The fall in efficiency after the first few weeks of growth may perhaps be correlated with the mechanical relations connected with the larger size. A doubling of the leaf area would require a stem of more than twice the weight to attain equal strength. With larger leaf areas the ratio of stem weight to leaf weight goes up. As the efficiency of the plant is highest in its early stages favorable conditions at that time should have a marked effect on growth. If a plant, owing to such conditions, should double its size as compared with another plant, then there is no reason why that advantage should not be retained until the end of the growing season. A ' good start' means, among other things, a larger capital to work with throughout the growing season. (Blackman 1919)

The growth of an annual plant, at least in its early stages, follows approximately the ' compound interest law. The dry weight attained by such a plant at the end of any period will depend on

  1. the weight of the seed (or the seedling at its start), representing the initial capital with which the plant starts
  2. the average rate at which the plant makes use of the material already present to build up new material: this represents the rate of interest on the capital (material) employee
  3. the period of growth
The plant is continually unfolding its leaves and increasing its assimilating power. New material is added continuously during daylight, and during rapid growth, the plant is continuously, or nearly continuously, unfolding its leaves and increasing its assimilating rate. The growth of the plant more nearly approximates' to money accumulating at compound interest where the interest is added continuously. The simple equation which best expresses the growing relations of active, annual plants is:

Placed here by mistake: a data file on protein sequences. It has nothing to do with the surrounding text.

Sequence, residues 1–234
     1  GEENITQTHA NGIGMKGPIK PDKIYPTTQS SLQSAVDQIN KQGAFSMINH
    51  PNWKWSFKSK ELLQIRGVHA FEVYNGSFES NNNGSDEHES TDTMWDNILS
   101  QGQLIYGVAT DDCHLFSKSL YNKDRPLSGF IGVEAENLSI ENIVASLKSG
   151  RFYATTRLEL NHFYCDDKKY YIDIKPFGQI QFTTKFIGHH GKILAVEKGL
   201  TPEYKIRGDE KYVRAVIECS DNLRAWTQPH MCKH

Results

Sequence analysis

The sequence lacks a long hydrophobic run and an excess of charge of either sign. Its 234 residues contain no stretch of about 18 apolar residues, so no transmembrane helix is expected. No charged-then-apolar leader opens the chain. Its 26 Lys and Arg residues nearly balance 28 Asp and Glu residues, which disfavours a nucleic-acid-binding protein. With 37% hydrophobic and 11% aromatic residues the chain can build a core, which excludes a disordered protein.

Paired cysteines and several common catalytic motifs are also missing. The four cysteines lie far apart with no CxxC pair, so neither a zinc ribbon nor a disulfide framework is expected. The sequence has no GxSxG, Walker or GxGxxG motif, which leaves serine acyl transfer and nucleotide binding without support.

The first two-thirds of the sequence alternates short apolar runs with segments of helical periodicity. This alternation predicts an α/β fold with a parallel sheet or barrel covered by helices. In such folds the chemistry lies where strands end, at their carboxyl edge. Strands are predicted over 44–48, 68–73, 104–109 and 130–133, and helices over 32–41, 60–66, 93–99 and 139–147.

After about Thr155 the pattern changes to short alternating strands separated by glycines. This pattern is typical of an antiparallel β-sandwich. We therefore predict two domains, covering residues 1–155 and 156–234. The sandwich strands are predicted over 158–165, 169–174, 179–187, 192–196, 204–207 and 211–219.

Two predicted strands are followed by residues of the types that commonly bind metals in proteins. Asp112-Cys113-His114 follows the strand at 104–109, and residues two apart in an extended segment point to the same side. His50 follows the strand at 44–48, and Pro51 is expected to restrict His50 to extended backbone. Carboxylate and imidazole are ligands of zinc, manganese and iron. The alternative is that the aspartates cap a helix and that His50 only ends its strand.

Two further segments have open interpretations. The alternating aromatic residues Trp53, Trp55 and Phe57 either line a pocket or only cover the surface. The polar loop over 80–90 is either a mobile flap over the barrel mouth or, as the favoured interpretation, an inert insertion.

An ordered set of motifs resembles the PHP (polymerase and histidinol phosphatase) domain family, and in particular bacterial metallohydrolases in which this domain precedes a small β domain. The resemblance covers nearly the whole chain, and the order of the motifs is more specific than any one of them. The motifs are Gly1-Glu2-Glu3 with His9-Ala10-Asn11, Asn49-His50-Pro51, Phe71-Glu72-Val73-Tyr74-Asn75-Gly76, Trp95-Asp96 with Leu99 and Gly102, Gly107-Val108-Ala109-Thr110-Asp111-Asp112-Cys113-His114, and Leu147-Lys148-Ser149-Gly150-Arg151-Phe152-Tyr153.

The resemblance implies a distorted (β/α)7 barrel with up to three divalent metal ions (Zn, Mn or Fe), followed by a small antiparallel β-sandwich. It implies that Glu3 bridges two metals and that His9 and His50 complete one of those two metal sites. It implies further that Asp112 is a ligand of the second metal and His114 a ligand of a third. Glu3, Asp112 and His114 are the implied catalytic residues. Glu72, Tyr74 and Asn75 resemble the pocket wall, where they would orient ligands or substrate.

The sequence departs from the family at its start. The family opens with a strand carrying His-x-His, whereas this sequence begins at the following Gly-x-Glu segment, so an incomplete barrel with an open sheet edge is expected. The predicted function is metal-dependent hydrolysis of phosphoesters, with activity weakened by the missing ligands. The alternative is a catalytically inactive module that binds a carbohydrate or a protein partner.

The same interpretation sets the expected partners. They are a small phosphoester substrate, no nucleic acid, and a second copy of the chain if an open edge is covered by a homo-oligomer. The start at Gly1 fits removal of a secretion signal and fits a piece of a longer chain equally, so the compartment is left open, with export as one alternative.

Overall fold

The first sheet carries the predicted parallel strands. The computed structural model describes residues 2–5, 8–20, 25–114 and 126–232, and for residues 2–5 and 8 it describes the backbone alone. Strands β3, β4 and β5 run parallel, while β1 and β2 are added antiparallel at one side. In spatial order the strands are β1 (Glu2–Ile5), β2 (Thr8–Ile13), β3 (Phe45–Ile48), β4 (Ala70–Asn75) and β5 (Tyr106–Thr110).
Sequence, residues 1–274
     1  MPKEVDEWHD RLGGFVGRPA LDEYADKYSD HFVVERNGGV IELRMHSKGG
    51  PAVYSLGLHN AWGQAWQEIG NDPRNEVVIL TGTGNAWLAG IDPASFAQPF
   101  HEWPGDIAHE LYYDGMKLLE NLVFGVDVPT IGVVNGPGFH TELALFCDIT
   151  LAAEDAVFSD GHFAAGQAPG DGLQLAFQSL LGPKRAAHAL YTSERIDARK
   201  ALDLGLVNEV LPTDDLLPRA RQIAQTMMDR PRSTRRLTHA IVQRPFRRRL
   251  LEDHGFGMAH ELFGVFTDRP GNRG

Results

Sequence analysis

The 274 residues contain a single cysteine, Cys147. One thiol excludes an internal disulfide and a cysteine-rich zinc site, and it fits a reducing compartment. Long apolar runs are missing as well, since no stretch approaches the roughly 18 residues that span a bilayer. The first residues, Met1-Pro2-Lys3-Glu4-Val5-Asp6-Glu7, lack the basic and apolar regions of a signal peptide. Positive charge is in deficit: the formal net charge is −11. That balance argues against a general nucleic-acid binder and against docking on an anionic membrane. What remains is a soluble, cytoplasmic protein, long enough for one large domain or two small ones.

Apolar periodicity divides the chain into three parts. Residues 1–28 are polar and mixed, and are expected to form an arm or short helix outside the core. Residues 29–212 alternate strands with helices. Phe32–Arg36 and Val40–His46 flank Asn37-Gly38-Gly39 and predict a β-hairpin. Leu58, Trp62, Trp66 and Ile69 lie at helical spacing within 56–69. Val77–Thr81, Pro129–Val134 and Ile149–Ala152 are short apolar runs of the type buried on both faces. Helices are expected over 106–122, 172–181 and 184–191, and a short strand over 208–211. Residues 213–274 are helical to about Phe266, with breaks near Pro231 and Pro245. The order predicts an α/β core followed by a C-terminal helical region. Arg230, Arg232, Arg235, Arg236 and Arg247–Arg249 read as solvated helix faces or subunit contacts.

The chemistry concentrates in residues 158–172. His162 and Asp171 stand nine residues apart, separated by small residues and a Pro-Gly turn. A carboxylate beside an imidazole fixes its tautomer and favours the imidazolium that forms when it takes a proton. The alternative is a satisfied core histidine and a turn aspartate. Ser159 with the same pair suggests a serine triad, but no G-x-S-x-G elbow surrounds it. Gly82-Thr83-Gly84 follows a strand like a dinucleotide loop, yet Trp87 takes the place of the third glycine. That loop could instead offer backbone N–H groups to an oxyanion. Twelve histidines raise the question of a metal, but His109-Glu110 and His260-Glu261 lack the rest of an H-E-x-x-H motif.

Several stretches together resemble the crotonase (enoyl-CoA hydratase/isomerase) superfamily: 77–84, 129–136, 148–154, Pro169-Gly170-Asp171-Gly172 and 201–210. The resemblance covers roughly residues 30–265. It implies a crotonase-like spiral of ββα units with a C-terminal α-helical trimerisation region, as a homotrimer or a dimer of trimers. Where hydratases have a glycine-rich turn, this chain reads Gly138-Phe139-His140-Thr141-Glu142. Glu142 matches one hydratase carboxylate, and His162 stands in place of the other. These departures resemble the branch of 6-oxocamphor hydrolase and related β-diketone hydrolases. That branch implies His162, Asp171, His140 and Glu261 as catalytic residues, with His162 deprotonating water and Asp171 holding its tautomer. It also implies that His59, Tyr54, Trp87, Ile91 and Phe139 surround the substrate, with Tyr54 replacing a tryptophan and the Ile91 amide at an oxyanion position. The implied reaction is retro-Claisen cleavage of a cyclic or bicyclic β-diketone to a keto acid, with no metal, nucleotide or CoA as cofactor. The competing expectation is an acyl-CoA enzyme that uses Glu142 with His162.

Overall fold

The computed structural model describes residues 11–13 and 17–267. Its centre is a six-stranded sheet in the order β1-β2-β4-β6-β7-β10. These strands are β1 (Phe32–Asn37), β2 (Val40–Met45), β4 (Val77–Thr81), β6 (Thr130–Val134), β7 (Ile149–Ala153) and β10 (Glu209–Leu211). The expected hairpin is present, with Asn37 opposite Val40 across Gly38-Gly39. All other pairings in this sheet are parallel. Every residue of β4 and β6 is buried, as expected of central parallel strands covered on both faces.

Wi= Woerl
Wi = the final weight,
Wo = the initial weight
r = the rate at which the material already present is used to produce new material
t = time

The term r is an important physiological constant, for it is a measure of the efficiency of the plant in the production of new material; the greater r is, the higher the return which the plant obtains for its outlay of material. r. may thus be termed the ' efficiency index' of dry weight production, for not only is it a measure of the plant's efficiency but it is also an exponential term in the equation expressing the growth of the plant.
A small difference in the 'efficiency indices' of two plants (resulting, for example, from a slightly greater rate of assimilation or a more economical distribution of material between leaves and axis) may lead to a large difference in the final weight.
It is suggested that in all experiments (such as water cultures, pot experiments) dealing with the production of vegetative material the efficiency index be calculated. The relative efficiency of different plants and of the same plant at different stages can thus be determined; also the effect on the efficiency index of various external conditions.


  • BLACKMAN, V. H. (1919). The Compound Interest Law and Plant Growth. Annals of Botany, os-33(3), 353–360. doi:10.1093/oxfordjournals.aob.a089727
  • BRIGGS, G. E., KIDD, F., & WEST, C. (1920). A QUANTITATIVE ANALYSIS OF PLANT GROWTH: PART I. Annals of Applied Biology, 7(1), 103–123. doi:10.1111/j.1744-7348.1920.tb05107.x 
  • Goudriaan, J., & Monteith, J. L. (1990). A mathematical function for crop growth based on light interception and leaf area expansion. Annals of botany, 66(6), 695-701.
  • Levich, A.P. On the Way to Understanding the Time Phenomenon: the Constructions of Time in Natural Science. Pt. 1. Interdisciplinary Time Studies. World Scientific, 1995.
  • Pandey, Rakesh & Paul, Vijay & Das, Madurima & Meena, Mahesh & Meena, Ramavatar. (2017). Plant growth analysis. 10.13140/RG.2.2.21657.72808.